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Coding and Creativity Being Used for Communication

As the day draws to a close at Freedom Hill Elementary in Vienna, students are anxious and eager to get home. Wednesdays at 2:30 p.m. are the highlight of the week in one classroom for kids with intellectual disabilities. It’s time for them to Zoom with their Thomas Jefferson High School for Science and Technology ‘buddies.’ When four older students appear on the huge screen at the front of the room, four non-verbal youngsters in their desks light up.

One younger kid types on his Voice Output Communication Device with the assistance of an aide, painstakingly tapping the colourful icons on the screen to make a sentence: Please perform a goofy dance! He turns the tablet around to face the camera, excitedly revealing his request. The TJ students on the other end of the Zoom lean in to read the words typed out and begin to chuckle. They all exchange glances before jumping up and doing a goofy dance.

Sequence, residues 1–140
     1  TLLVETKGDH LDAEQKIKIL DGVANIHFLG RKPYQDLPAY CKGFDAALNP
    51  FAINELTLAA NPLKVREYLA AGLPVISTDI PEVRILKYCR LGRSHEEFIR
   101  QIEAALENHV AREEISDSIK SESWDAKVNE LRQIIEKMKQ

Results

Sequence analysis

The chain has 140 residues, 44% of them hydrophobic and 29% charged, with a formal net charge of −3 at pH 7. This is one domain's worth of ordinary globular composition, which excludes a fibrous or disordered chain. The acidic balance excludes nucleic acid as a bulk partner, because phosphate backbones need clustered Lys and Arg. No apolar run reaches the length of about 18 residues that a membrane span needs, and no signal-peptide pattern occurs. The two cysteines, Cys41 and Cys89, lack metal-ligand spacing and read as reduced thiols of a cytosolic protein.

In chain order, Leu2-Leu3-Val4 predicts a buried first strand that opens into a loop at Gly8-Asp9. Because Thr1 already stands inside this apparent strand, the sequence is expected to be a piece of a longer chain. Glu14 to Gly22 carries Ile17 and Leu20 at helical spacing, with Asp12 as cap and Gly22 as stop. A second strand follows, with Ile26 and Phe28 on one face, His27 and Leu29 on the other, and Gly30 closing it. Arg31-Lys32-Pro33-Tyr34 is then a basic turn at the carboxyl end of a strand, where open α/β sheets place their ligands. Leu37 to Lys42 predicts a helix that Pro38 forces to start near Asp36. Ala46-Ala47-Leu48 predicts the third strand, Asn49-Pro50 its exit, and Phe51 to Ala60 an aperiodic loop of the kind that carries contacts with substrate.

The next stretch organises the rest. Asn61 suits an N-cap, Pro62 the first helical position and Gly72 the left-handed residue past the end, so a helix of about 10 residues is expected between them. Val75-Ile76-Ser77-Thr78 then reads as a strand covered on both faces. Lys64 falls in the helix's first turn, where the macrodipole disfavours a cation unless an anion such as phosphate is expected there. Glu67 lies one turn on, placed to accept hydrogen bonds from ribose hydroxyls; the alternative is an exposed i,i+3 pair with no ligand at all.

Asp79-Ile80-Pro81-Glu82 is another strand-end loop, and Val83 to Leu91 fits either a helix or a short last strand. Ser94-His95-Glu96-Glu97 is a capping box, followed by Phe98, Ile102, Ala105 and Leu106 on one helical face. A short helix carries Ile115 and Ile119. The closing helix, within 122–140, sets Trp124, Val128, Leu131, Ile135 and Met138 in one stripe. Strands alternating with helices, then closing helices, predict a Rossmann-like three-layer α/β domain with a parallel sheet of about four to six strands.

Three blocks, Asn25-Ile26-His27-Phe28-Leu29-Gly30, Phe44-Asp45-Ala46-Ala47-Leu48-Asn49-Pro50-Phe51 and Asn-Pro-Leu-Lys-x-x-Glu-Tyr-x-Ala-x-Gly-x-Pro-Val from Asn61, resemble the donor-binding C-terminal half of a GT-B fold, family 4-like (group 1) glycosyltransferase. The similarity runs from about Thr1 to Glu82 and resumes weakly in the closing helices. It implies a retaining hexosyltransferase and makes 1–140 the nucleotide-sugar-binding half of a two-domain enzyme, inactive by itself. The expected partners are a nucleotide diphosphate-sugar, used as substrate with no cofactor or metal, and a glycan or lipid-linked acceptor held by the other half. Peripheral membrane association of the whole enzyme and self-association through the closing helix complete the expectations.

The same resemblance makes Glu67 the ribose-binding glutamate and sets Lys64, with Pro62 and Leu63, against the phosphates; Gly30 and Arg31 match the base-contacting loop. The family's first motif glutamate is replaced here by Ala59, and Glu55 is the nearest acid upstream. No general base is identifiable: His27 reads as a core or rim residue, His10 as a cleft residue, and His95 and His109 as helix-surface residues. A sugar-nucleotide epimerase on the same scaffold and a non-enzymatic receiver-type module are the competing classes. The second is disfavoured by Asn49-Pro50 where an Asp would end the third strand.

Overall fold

Coding and Creativity Being Used for CommunicationThe four non-verbal kids smile as they watch the amusing dance moves on the TV. It’s a happy occasion for everyone. The TJ Assistive Technology (AT) Club revolves around these weekly meetings. The club’s mission is to promote Communication through games, activities, and reading in a fun and interactive way. It’s a chance for the Freedom Hill students to practise on their devices in a comfortable environment.

The basic goal for nonverbal kids is to acquire core words. They practise making short, simple phrases on their tablet by using fundamental nouns, pronouns, and verbs. The TJ students’ activities are centred on that purpose. On Sundays, club members get together to brainstorm and design their games, then spend a few hours coding to bring their ideas to life.

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